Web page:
Molecular Biology Fun! • http://www.nature.com/focus/rnai/animations/rnai_revised_320x180.mov
RNAi Fun • Treatment-related activity of most small molecule drugs is to inhibit the function of its target molecule in as specific a manner as possible. • The specific manner in which RNAi functions serves as a major benefit to possible therapeutic applications… • But can its administration be optimized in terms of specificity and efficiency in in vivo models? • The principal issue in turning RNAi from an effective functional genomics tool into a therapy remains one of delivery. RNAi primarily acts within the cytoplasmic compartment, which is easier to access using nonviral methods than the nucleus, but ensuring efficient uptake and long-term stability in vivo in disease relevant tissues is still likely to be difficult.
“The principal issue in turning RNAi from an effective functional genomics tool into a therapy remains one of delivery. RNAi primarily acts within the cytoplasmic compartment, which is easier to access using nonviral methods than the nucleus, but ensuring efficient uptake and long-term stability in vivo in disease relevant tissues is still likely to be difficult.” –NJ Kaplen
Adverse Effects of Gene Therapy • Vector induced oncogenesis • Germline transfer of transgenic DNA sequences • Developmental aberrations caused by expression of the transgenic proteins and vector induced oncogenesis • Without proper specificity, delivery to the right cell type in the right organ, at the right time, there could be detrimental immunological effects.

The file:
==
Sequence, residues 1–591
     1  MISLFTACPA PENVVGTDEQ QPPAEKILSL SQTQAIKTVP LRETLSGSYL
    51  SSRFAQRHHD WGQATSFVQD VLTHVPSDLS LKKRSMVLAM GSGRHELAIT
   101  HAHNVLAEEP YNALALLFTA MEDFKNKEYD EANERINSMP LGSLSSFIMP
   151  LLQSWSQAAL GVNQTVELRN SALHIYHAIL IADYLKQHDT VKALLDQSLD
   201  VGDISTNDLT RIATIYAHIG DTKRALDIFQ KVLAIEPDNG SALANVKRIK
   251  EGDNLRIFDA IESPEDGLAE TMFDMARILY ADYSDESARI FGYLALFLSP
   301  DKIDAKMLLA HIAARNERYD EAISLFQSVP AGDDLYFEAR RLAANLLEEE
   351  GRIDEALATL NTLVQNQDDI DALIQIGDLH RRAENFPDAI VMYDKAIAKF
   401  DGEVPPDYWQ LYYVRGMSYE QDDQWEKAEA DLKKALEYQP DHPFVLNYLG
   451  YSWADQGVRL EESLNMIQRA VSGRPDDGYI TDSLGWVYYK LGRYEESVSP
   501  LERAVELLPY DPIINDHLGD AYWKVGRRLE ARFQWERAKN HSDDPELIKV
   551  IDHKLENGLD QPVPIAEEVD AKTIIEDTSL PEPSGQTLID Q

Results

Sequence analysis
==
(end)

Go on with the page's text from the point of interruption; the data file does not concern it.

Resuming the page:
Ethics vs. Morality • Ethics: normative, seeks to objectively prescribe a standard for conduct • Morality: doctrine or system of conduct, implies conformity to established sanctioned codes, relates to right or wrong. Ex: the Church’s stance on gene therapy • “Ethicists seek to understand the basic principles underlying a subject from an unbiased point of view, while moralists seek to help people become better.” • We often confuse gene therapy morals with ethics.
The Discovery of Deoxyribonucleic Acid (DNA) • Over 40 years ago, Francis Crick and James Watson discovered the alpha-helical structure of DNA, the fundamental building block for gene therapy. • Francis Crick: “We used to think that our fate was in our stars. Now we know that, in large measure, our fate is in our genes.”
Crick’s Reductionist Approach • Advocates of gene therapy, including Crick, hold a firm reductionist approach - that all life can be reducible into simpler, more fundamental things. • Example: biology can be reduced to chemistry, and chemistry can be reduced to physics • Can all life be explained this way?